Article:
Why did you revise the lyrics to “Rhiannon”?
How did I revise them?
There are several differences in the recording and the way you do it live. For example, on the original, Rhiannon is “taken by the wind.” By the early 1980s, she was “taken by the sky.”
Oh, you know what? I don’t think I purposely did that. Sometimes I just go off. Those words probably evolved out of my solo work. When I have my two girls with me [background singers Lori Perry and Sharon Celani have performed with Nicks on most of her albums and tours], we do all these things I don’t do that much in Fleetwood Mac. That is a difference in Fleetwood Mac and my solo work. In the Mac, I’m part of a team, so I try not to stand out as much. I blend in more, because I’m one of the charmed three. In my own work, I’m just me. When Lori and Sharon and I are singing, we’re able to be more out there, more spacey, more flamboyant.
Do you generally write on piano?
Pretty much. The piano, for some reason, holds a real fascination for me. I’m not a very good player, and I play in a weird sort of way. I don’t really play chords. I sound like a second-grader but play good enough to write. Even the total childlike renderings that I come up with, I can hear them orchestrated in my head. “Rhiannon” is just like (sings melody) dun-dun-dun, dun-dun-dun-dun, it’s this little simple thing. But when I was writing it, I could hear what it could be.
What kind of piano do you have now?
I have a nine-foot white Steinway that was played on the road for years by Billy Preston, Leon Russell and other famous people, I’m told. It has a certain sound that’s very Leon Russell-Dr. Hon, that very tinkly kind of sound. Then I have a Bosendorfer that is like a big black cat. It’s a seven-foot grand. These pianos take up so much room that you can’t even have living room furniture, but they’re my babies. “Edge of Seventeen,” “Stand Back” and “Dreams,” all of my songs I’ve pretty much written on these two pianos. Each brings out something different in me, because they sound different.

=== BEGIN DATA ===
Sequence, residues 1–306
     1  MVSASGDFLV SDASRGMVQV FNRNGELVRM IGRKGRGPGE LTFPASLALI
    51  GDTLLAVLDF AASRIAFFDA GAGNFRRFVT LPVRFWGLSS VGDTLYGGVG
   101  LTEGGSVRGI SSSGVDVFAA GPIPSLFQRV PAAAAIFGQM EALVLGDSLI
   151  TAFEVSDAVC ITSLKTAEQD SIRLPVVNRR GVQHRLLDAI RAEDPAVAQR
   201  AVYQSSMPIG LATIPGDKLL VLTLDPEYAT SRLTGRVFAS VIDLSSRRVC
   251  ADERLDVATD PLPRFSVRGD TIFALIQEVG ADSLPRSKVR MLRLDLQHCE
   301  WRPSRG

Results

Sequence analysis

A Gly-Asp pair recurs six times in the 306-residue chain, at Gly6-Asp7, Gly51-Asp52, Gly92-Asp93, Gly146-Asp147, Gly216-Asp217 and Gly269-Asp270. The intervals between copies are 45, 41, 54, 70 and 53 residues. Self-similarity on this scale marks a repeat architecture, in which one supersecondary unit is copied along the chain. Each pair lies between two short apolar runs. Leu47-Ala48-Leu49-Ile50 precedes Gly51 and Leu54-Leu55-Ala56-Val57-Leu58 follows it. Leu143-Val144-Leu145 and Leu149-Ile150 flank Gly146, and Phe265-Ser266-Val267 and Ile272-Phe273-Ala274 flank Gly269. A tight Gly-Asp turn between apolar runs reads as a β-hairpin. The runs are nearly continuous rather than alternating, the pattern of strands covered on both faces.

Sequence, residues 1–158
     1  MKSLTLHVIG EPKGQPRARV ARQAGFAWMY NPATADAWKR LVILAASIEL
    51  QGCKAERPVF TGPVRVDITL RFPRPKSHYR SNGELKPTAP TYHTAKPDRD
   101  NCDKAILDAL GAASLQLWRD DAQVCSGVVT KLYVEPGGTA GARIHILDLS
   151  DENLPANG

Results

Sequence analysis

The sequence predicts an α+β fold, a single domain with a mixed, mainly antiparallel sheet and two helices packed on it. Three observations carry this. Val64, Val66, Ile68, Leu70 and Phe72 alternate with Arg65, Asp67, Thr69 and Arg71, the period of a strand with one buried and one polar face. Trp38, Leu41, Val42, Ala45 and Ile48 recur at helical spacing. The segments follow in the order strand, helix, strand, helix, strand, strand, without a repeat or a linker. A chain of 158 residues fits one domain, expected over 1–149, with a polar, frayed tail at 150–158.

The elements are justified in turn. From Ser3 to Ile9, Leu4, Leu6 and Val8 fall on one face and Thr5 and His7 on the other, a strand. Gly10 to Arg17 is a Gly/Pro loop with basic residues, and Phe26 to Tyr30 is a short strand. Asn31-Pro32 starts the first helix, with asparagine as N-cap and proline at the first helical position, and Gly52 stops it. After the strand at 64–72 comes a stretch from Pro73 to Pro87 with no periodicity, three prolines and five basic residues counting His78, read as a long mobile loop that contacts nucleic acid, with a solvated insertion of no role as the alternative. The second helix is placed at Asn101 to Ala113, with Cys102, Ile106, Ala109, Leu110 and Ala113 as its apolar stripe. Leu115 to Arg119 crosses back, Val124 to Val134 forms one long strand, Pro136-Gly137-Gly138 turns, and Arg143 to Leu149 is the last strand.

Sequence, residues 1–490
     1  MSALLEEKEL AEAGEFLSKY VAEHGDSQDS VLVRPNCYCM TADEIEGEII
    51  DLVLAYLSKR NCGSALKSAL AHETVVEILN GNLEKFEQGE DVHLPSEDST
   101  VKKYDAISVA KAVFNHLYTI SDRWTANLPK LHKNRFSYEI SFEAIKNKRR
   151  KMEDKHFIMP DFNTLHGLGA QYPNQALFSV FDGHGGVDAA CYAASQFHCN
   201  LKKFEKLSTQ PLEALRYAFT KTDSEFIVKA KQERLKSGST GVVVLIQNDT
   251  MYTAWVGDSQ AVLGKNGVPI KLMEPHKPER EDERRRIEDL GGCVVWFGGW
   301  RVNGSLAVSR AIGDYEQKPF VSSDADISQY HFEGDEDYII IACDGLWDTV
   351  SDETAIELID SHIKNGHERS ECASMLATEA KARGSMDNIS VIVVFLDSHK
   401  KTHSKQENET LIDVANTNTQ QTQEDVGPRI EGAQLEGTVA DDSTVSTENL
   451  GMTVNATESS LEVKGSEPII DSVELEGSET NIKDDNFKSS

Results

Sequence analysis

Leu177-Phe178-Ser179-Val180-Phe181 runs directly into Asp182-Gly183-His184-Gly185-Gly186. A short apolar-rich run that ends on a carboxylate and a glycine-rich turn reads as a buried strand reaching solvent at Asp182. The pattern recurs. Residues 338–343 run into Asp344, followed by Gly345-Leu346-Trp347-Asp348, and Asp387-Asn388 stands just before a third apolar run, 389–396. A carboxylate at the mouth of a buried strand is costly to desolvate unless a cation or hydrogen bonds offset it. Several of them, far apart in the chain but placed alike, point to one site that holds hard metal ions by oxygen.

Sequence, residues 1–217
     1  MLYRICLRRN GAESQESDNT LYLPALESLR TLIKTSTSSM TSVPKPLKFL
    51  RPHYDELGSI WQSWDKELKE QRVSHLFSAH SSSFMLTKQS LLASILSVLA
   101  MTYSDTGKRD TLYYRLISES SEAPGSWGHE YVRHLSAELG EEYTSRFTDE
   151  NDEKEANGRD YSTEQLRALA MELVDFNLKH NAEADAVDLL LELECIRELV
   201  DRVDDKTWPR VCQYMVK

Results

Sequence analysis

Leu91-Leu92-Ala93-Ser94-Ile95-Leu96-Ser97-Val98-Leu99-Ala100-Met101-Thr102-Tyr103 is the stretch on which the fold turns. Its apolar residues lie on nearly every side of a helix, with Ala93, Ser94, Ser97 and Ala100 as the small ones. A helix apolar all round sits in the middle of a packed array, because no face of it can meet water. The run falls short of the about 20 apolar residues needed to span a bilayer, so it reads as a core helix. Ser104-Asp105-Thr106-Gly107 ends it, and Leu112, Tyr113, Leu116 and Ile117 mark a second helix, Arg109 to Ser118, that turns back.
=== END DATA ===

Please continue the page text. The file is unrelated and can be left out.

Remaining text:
Let’s go back to the beginning of your solo career. Why did you decide to make your first solo album, Bella Donna ?
Simply to have another vehicle for my songs. The reason was not ever because I wanted to be a big solo artist. I was very interested in continuing to be in my band. I loved being in Fleetwood Mac. But when there are three writers [Nicks, Buckingham and Christine McVie each contributed songs more of less equally to Fleetwood Mac], you can only get three or four songs on a record. For me as a writer, that started to become hard.
What do you recall about the making of the album?
We rented Bill Cosby’s house in the Palisades. We worked for about two months with [keyboardist] Benmont Tench, Lori and Sharon in the living room at the grand piano every day. We played and sang all the songs on Bella Donna over and over until we had them down perfect. It was so much fun. We were like Joni Mitchell and Crosby, Stills & Nash, living in this great house and making music in [ L.A.’s] Laurel Canyon. It was one of those real rock ‘n’ roll experiences that you can ever forget. Then we went into the studio, and the record only took three months because we were so rehearsed and practiced and excited—and not spoiled rotten, not self-indulgent. By the time the record came out, Fleetwood Mac was tapping their feet like, “Where the hell are you?” So I only did 12 shows and flew to Paris the next day to join Fleetwood Mac for [the recording of 1982’s] Mirage.
What was your attitude going into your second solo album, The Wild Heart ?
Bella Donna had done really well, so we had more confidence. But during Wild Heart I was coming to the end of my [romantic] relationship with [producer] Jimmy Iovine, so that was really sad. I was working with Jimmy, and that was hard. I had already gone through the whole Lindsey-and-Stevie thing, and now here I was back in another situation where I was working with somebody that I had loved and the relationship had started to fall apart.
Why is that?
Mostly because of drugs. Jimmy was not a drug user or a drinker, and the whole world was turning into a bunch of drug addicts at that point. It was heartbreaking for him, because everybody around him was starting to cave in. The Wild Heart was a hard record to do, and by the time we got to Rock a Little  he had had it. I didn’t blame him. I understood. On Rock a Little, we were really slipping into darkness.